Wlliam Gilmore Simms
Mellichampe: A Legend of the Santee >> Chapter XXX: The Wolf in New Colors >> Page 258

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Novel (Romance) | Redfield | 1854
Transcription 258 MELLICIIAMPE.
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CHAPTER XXX.
THE WOLF IN NEW COLORS.

MEANWHILE the hurts of Mellichampe had all, been carefully
attended to. Tarleton, so far, had kept his pledged word to
the maiden. He was removed to a chamber in the house which
gave temporary shelter to the family, and the surgeon of the
legionary colonel had himself attended. to his injuries. They
were found to be rather exhausting than dangerous. A slight
sabre-stroke upon his head had stunned him for the time, but
afforded no matter for very serious consideration. The severest
wound was the cut over the left shoulder, which had bled pro-
fusely ; but even this required little more than close attendance
and occasional dressing. A good nurse was more important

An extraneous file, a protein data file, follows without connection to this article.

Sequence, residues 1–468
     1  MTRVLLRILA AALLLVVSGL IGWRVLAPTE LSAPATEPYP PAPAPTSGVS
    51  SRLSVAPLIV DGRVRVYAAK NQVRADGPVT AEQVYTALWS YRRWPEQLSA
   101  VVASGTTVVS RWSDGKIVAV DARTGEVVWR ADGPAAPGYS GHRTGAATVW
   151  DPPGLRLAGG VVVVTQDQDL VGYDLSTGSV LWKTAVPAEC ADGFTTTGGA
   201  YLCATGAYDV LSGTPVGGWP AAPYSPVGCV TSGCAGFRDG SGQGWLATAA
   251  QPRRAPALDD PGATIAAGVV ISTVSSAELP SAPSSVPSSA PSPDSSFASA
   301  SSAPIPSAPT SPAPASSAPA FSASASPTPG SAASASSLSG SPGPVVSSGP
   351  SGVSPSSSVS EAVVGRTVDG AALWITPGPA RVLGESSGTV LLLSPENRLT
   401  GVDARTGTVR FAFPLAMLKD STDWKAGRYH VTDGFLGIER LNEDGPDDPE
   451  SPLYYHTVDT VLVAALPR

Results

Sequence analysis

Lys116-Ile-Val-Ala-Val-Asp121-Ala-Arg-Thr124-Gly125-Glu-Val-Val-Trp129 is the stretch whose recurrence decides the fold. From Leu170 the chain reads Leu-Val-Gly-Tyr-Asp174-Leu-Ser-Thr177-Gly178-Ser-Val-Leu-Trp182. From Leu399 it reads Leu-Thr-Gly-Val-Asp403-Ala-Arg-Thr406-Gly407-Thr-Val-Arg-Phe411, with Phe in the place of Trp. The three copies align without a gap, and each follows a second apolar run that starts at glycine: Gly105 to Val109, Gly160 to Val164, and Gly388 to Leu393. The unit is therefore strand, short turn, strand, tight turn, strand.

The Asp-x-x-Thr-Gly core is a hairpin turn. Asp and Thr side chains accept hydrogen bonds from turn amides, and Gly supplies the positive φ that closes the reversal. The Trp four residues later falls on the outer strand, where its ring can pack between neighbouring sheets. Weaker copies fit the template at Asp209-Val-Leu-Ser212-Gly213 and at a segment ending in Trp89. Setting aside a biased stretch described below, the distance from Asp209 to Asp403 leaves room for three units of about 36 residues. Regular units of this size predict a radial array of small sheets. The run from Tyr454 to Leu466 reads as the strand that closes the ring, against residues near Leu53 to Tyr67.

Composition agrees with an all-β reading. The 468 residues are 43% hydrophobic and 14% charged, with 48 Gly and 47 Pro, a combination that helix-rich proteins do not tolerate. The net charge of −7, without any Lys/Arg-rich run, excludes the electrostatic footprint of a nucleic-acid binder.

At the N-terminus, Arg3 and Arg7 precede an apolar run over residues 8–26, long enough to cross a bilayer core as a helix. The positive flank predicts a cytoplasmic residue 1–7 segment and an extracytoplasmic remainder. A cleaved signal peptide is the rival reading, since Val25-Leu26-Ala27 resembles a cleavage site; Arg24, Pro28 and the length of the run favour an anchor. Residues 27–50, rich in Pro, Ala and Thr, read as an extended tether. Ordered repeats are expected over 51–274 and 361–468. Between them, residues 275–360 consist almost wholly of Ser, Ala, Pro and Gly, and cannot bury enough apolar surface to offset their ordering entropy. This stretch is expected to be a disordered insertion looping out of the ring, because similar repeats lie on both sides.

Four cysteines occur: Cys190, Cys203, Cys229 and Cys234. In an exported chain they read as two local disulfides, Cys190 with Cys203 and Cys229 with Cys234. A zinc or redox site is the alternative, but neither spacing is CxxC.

than a skilful surgeon, and no idle and feeble scruples of the
inferior. mind stood in the way to prevent Janet Berkeley from
devoting herself to the performance of this duty to her be-
trothed.
The intelligence of Mellichampe's true situation was con-
veyed by Tarleton himself to Mr. Berkeley, in the presence of
his daughter. It seemed intended to, and did, reassure the
maiden, whose warm interest in the captive was sufficiently
obvious to all ; as her tearful and deep apprehensions on his
account, and for his safety, had been entirely beyond her
power of concealment.
Tarleton dined that day with the Berkeley family. His man-
ners were grave, but gentle´┐Ż somewhat reserved, perhaps, but
always easy, and sometimes elegant. He spoke but little, yet
what he said contributed, in no small degree, to elevate him
in the respect of all around. His air was subdued, when he
spoke, to a woman-mildness ; and his words. were usually ut-